In retaliation, Ric Flair was given a US Title shot against another member of Sullivan's stable, Konnan. The match went down on Nitro, and the Nature Boy held the K-Dogg in the palm of his hand throughout. Following several failed comeback attempts, Flair quit playing with his prey and brought home the sixth US Title of his career. Elsewhere, Chris Benoit was enjoying some time away from his long-standing feud with Sullivan. He met Dean Malenko at Hog Wild in a brilliant technical masterpiece. Originally given a half hour time limit, the two were still going strong as the bell rang to signal the match's end. Officials decided that a five minute overtime was in order, and the former partners quickly drained the additional time, ending the match with what appeared to be a second time limit draw. Finally, yet another five minute overtime resulted in a decision: Benoit's hand raised high. Though the match was a thing of beauty, the irritable Sturgis crowd paid no heed and nearly killed the mood for the rest of the night.
the finalized horsemen lineup of 1996:
mcmichael, flair, benoit and Anderson
Elsewhere, a couple former WCW employees had wandered back onto the scene after some years in the WWF. Scott Hall and Kevin Nash had dropped by "where the big boys play", and the ultra-hot nWo gimmick had just begun. Recognizing the immediate threat to their thrones, the Horsemen abandoned each of their other ongoing rivalries to pursue this new challenge. Slowly drifting back to their abandoned roles as the establishment's favorite sons, the Horsemen were granted an opportunity to wipe out the newcomers at WarGames 1996. Realizing their common enemy, Sting and Lex Luger approached the Horsemen and suggested they join forces at the event and, hoping to destroy the faction before it became too strong, Flair accepted. Benoit and McMichael stepped down and offered their spots in the caged match to the new volunteers.
A bit frustrated over giving up his spot in the main event, Chris Benoit opened up the card against a new lightweight making his WCW debut. Though it wasn't their first meeting, nor would it be their last, Benoit's road wouldn't cross with Chris Jericho regularly until years later, when both were members of the WWF. Regardless, the two tore it up here, both working a much tougher style than their later meetings under Vince's eye. As an interesting bit of trivia, during the early moments of this bout, Benoit locked Jericho into a hold that's eerily similar to the liontamer. Weeks later, the young "Lionheart" adopted the maneuver as his regular submission finisher. Their stupendous, curtain-jerking match in this instance ended with Benoit finally gaining the pinfall with a superplex from the top, Dynamite Kid-style.
As the main event grew near, the tension one could sense within the arena was growing almost unbearable. The nWo had won a backstage coin toss, giving them the ongoing advantage, but still had one more trick up their sleeve. Joined by new leader Hulk Hogan, Hall and Nash's "Team nWo" was still one man short in this four-on-four match. Arn Anderson was the first man in the ring for "Team Horsemen," and Scott Hall played leadoff for the nWo. Minutes later, Kevin Nash entered the ring as participant number two, and the Outsiders proceeded to kick Double A around the ring for several moments before Lex Luger evened the sides. Luger cleaned house, hitting several clotheslines and powerslams before Team nWo took the momentum back with Hogan's entrance. Before long, Luger had been isolated by Hall and Nash, while Anderson and Hogan climbed their way into the second ring to face one another in private.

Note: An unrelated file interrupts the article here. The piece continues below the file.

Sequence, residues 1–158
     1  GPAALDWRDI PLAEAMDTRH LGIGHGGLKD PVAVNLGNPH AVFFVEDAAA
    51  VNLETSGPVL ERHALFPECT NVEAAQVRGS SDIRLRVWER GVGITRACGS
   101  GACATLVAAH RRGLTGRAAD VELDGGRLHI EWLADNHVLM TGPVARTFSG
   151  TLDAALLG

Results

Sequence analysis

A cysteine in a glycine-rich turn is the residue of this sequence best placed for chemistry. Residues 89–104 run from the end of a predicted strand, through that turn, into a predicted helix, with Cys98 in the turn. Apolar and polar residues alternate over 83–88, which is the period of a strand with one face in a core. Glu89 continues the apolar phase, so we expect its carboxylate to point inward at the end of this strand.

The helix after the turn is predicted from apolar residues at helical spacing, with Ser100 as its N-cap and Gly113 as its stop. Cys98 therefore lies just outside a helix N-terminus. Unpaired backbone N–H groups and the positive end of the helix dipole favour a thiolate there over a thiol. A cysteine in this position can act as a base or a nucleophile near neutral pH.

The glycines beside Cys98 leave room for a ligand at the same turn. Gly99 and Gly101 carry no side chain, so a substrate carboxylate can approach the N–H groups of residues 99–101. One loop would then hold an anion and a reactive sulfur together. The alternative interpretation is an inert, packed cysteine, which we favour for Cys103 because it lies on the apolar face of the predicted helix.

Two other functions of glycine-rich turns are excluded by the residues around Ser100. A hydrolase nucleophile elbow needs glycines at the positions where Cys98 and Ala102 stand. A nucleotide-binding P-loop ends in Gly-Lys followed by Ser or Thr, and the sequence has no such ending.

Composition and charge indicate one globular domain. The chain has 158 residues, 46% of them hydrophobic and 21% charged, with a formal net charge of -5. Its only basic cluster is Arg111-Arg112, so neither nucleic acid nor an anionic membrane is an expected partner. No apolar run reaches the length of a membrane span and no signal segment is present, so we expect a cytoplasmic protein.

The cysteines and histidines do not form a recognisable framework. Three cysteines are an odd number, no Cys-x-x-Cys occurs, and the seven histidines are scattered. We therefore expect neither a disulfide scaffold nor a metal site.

Flair was in next, igniting the crowd, and made a beeline for Hogan and Anderson, over in the second ring. Just as things appeared to be completely in favor of WCW and the Horsemen, the mysterious fourth nWo member revealed himself... it was Sting. The Horsemen in the ring stood shocked at the turn of events, as Luger openly questioned his friend's turn for the dark side. Keeping silent, Sting suddenly turned and attacked Luger, leading into an all-out beat down for the three. Finally, right on cue, a second Sting made his way to the ring, this time supporting Flair, Luger and Anderson. With the nWo nearly defeated, Sting stopped dead in his tracks, asked his teammates why they didn't trust him, and calmly walked out of the match. Taking advantage of their new strength in numbers, the nWo methodically took apart their broken opponents, and finally isolated Luger. Locked in a scorpion deathlock by the nWo Sting, Lex tapped out and cost his teammates the match.
In the days after the WarGames, the Horsemen and Luger had several violent disagreements, as Lex had cost them the match and the opportunity. Sting, however, was nowhere to be found. When he turned his back on WCW, he meant it. Regardless, Arn Anderson put the Horsemen's name on his shoulders and carried it on to a feud against Luger, while Flair defended his US title both here and abroad. In Japan, Flair granted a title shot to former champion Kensuki Sasaki, unfortunately injuring his shoulder during the match. When he returned to America, it quickly became obvious that Flair wouldn't be able to compete for some time, and soon thereafter, the US title was vacated. Moments after being stripped of the title, Flair was the victim of a brutal nWo assault, courtesy of Eric Bischoff and the Giant. Bischoff would go on to claim the nWo "put Flair out of wrestling."
With the other Horsemen a bit lost in their leader's absence, Flair personally recruited Jeff Jarrett to fill the role he had vacated with his absence. Though this added a bit of salt to the nWo's wound, as Jarrett had turned down an earlier offer to join their ranks, it didn't sit well with Benoit or McMichael. Regardless, Ric endorsed him as an unofficial member and Jarrett went about imitating the thirteen-time World Champ as best he could. He debuted the Jarrett strut, continued using the figure four, and did just about anything moral to get on Slick Ric's good side. As the other Horsemen slowly started to accept him, Jarrett began making moves on Debra, which incurred Mongo's immediate wrath. Arn had yet to state his position on the matter, as he was still busying himself with Lex Luger.